Coup de coeur is a favorite expression of French real estate sites. It literally means a blow to the heart, which sounds like a bad thing, but it refers to the emotion you feel when something grabs you and you just have to have it. Something that makes your heart sing.
In the months after my mother’s death, my heart needed something to make it sing. I was in the grips of a deep depression when I starting poking around on Seloger.com, a French real estate site. A frequent visitor to Paris over the years, I’d cultivated another life there, and began to toy with the idea of a pied-à-terre. I didn’t really intend to buy anything, but dreaming about it brought me some small joy.
I had no idea it would become a lifeline.
The search itself grabbed my heart, and I rode that high, searching almost every day—from a few minutes to a few hours. Months later, I’d become an expert in Parisian real estate: price per square meter by neighborhood; fees and taxes; French real estate terms (Refrait à neuf!; Lumineux!; Sans perte de place!), and had developed a specific criteria list for my virtual hunt: classic Haussmann-style building; herringbone parquet floor; ornate moldings; fireplace; high floor with balcony—the Parisian ideal. A ridiculous ideal, but it didn’t matter; I didn’t really believe I’d buy something. That wasn’t the point anyway. Right?
On the first anniversary of my mom’s death I ran away to my favorite city, and in the dead of February as I walked along Paris’s Coulée Verte with a friend, I confessed my pastime, dreaming on Seloger. He responded by walking me into a real estate office. I saw three apartments that week, but still, I wasn’t seriously going to buy any of them; I was just amusing myself.
So why did I book a weekend trip to Paris to visit apartments? Sure, it helped that a friend was more serious than I, and booked six apartments for me to visit in one day. Accountability is a huge motivator. But I confess now, while I paid large sums of money for the last-minute flight to spend literally one day in Paris, I know a part of me didn’t seriously believe I was going to go through with it. Buying an apartment in Paris was for other people. Richer people, braver people.
Two apartments into the day of visits, it became clear what my money could buy—and it wasn’t pretty, not compared to my Parisian ideal. If an apartment was large for the price, it needed at least $100,000 in renovations just to be livable. Or if the building was impeccable, the apartment was a 3rd-floor walk-up. One was directly over a Renault garage. Another came close: a good-sized, well-laid-out apartment with a fireplace, on a high floor with an elevator, and in a great location. I could deal with the linoleum on the floor, but there was that brown carpeting in the hallways of the building I couldn’t make peace with. Not a big deal, you say? The carpeting was on the walls. And one pass of the hand over that carpeting revealed the crumbling surface underneath. “Bad co-prop’,” my friend told me. A co-op not financially sound. We moved on. And that was fine, I mean, I wasn’t going to buy it anyway. This was just a fun one-day trip to Paris.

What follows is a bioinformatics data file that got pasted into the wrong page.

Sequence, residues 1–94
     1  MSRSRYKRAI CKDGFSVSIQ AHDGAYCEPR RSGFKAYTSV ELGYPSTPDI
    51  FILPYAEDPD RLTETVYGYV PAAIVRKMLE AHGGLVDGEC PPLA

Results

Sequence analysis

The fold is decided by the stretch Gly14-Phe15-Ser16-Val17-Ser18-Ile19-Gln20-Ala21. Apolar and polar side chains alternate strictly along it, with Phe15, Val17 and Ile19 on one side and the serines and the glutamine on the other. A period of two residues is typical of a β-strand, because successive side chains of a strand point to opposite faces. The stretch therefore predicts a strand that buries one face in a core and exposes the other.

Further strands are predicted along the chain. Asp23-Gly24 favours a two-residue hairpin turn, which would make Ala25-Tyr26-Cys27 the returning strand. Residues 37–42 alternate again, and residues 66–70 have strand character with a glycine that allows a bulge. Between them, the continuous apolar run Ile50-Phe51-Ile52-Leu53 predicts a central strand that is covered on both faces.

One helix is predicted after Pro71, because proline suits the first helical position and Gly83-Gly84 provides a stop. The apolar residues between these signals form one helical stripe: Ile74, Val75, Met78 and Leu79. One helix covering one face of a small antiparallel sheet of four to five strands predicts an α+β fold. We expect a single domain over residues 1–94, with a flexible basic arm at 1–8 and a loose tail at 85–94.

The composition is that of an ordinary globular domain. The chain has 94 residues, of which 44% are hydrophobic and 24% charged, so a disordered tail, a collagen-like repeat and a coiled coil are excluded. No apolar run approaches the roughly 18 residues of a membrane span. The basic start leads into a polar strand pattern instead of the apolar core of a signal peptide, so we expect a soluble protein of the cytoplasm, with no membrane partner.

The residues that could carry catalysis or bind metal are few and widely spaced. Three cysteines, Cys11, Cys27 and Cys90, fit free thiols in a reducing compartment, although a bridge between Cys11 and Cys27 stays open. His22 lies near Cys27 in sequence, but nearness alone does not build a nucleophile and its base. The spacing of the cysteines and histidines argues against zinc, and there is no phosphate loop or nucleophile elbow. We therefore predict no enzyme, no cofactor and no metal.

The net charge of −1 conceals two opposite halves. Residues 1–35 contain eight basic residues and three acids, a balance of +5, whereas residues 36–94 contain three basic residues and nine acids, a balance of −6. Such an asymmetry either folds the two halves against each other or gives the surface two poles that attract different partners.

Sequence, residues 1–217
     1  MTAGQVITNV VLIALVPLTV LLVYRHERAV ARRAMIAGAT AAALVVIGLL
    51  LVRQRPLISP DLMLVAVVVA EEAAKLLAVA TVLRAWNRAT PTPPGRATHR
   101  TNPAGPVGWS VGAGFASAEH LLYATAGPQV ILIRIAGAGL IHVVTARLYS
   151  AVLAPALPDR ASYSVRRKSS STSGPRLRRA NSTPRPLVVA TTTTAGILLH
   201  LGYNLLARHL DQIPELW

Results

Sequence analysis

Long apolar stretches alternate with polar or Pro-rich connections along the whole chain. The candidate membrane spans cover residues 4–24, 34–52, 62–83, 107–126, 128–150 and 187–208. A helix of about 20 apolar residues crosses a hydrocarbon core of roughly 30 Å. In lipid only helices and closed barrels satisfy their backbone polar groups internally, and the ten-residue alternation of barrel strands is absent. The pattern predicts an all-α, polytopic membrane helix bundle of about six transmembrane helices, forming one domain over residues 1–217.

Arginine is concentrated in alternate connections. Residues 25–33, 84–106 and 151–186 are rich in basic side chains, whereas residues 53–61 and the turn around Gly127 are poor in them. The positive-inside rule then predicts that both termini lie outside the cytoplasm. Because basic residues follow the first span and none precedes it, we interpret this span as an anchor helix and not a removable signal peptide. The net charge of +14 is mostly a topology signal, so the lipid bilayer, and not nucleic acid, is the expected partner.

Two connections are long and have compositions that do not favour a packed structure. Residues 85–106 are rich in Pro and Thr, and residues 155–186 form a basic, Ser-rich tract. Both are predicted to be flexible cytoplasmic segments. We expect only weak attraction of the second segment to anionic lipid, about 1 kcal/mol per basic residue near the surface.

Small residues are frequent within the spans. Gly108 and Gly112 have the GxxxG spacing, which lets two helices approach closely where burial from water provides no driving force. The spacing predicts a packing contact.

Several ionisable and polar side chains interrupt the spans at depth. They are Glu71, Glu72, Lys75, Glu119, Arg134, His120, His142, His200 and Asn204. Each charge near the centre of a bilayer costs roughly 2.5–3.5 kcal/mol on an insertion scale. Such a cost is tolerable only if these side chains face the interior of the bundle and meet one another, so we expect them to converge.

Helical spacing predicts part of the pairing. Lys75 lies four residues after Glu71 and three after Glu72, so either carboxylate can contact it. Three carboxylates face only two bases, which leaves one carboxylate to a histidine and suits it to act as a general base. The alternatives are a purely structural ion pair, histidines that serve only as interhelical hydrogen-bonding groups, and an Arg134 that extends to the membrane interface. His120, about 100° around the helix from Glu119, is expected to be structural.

Then we saw it, the coup de coeur.
The apartment was only 24 square meters, or 258 square feet—about the size of a hotel room. Much smaller than I had wanted. It was located two flights up without an elevator. There wasn’t a fireplace; the floor was new parquet overlay in light pine, not the dark oak herringbone I longed for. In fact, it ticked few of the boxes on my wish list. But it was housed in a beautifully-maintained 19th century building full of true Parisian charm, and the apartment was recently renovated—new windows, new heating, new bathroom, modern kitchen unit. For a second-floor apartment, it was flooded with light thanks to two floor-to-ceiling windows. Coup de coeur is something you can’t explain but you know it when you feel it, even when you don’t know why you feel it. Maybe it was because we were at the end of a long day and the apartment was comparatively the nicest of the six we’d seen. Maybe it was the high ceilings, or my friend whispering in my ear that the place needed “absolutely no work.” Maybe it was the price: a cool $100,000 cheaper than anything we’d seen that day. Or that it came with a private storage room across the hall and a huge cave, in the basement. It could have been all those things, or just that the kitchenette was blue, and my mother always had a blue kitchen.
Coup de coeur. I told the agent I’d think about it, but seconds later we were chasing him down the street and making an offer. I’d started the journey just trying to escape my grief, but ended up finding my heart’s desire.
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